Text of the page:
What are the dangers of hyperbaric nursing?

  1. Hi all,

    I'm considering an RN position in hyperbaric medicine, and I'm trying to research all of the risks associated with it. Is the nurse always in the chamber with the patient? Are there limits on how many treatments we do in a day? Has anyone suffered oxygen toxicity as a result? Or other side effects? Someone in a previous post mentioned fires -- how common are they?

    Also, this seems to be very physically and mentally demanding... Are hyperbaric RNs well compensated? I hate to ask for specifics, but would really love to know.

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    Joined: Aug '06; Posts: 1


  3. by   gradcare
    Just starting myself, froom the course material the risks are identical to those of the patient, action is taken to minimise risks such as going on 02 at certain times to reduce risk of decompression illness but staying off the O2 during most of the dive to prevent O2 toxicity, can worsen myopia ( I think). A heap of other stuff that is looked at durring the physical.
  4. by   Balder_LPN
    hmmm, I'm a new nurse and not yet certified in this area (though I will be doing it after I complete my RN in 2010) I did, however, start teaching SCUBA in 1989 and have had a few familarization trips in chambers.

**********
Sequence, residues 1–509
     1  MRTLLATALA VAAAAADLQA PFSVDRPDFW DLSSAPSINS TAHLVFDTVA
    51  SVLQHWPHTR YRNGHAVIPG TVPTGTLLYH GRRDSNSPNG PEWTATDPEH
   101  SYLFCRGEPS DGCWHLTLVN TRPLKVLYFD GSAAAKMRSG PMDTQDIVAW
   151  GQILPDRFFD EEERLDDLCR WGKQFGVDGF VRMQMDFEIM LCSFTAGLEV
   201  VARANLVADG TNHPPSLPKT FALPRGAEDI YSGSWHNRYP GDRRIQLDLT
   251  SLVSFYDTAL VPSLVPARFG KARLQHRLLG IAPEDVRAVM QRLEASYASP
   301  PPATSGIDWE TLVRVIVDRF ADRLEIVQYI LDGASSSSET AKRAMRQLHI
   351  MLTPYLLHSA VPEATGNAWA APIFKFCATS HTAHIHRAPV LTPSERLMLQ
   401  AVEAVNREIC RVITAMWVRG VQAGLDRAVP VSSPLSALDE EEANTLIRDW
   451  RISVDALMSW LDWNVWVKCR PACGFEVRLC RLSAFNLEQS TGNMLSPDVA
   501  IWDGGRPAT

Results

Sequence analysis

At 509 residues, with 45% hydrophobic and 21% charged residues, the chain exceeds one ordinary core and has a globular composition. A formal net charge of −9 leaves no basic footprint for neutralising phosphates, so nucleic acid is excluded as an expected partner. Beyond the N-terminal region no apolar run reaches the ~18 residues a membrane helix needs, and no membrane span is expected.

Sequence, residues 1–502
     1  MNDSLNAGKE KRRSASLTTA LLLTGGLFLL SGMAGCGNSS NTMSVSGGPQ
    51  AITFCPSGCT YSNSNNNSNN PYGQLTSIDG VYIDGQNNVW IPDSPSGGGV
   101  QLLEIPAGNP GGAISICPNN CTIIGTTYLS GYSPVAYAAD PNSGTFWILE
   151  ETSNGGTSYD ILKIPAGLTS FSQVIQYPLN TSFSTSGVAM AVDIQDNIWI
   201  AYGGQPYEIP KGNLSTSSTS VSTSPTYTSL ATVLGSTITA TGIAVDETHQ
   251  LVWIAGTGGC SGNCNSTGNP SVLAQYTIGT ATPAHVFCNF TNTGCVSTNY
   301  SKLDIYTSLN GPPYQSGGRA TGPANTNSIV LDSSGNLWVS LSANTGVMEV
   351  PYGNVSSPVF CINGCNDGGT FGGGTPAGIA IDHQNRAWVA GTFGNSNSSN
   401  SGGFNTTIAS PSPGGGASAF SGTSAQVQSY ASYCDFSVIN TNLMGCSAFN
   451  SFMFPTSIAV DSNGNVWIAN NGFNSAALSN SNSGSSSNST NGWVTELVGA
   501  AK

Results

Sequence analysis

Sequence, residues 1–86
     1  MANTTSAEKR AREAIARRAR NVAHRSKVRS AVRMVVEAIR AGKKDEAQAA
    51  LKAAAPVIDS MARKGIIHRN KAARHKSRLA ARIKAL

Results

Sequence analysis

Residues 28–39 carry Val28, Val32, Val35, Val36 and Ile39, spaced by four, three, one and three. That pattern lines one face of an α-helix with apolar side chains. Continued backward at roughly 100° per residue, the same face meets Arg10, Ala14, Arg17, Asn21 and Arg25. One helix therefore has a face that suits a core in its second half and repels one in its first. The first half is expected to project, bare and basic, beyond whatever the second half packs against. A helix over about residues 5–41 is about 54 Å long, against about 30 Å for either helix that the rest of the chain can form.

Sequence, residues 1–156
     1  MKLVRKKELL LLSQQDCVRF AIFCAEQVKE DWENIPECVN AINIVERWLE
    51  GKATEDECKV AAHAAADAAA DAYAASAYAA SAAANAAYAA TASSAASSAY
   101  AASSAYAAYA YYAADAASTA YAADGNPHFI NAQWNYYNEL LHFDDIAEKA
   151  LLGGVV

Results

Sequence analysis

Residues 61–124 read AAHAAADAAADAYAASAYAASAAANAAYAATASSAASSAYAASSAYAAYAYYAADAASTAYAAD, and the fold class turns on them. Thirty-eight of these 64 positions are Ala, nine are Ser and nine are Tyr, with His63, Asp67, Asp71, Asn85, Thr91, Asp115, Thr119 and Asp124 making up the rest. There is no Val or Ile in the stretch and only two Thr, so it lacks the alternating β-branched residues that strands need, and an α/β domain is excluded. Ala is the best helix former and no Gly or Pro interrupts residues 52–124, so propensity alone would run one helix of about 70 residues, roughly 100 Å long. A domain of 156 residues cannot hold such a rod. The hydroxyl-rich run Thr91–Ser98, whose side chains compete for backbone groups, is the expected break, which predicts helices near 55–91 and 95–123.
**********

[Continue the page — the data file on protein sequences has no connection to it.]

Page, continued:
My own concern, and I need to research it more, would be about chronic effects of pressure on the body. You are in the chamber day after day, the patient is only recieving a one time course of treatment (I dont mean just one trip in the chamber, but the pt is done in a matter of hours, days, weeks max) you may be doing it for years.

    Professional divers (not speaking to recreational scuba, but commercial divers that do deep dives day after day, or urchin harvesters who do loooong dives at shallow depths on consecutive days) do have higher incedence of a few things; bone necrosis, retinal and kidney damage. Most likely related to Asymptomatic Decompression Sickness. This is small nitrogen bubbles (and associated clots that form around them), but you don't have symptoms of DCS. With chronic exposure the bubbles/clots are believed to damage some of the areas in the body with the largest amount of capilarries/small vessels. In doppler U/S tests of divers up to 30% may show bubbles in the blood with no symptoms (asymptomatic DCS) after dives that are within commonly accepted no decompression limits.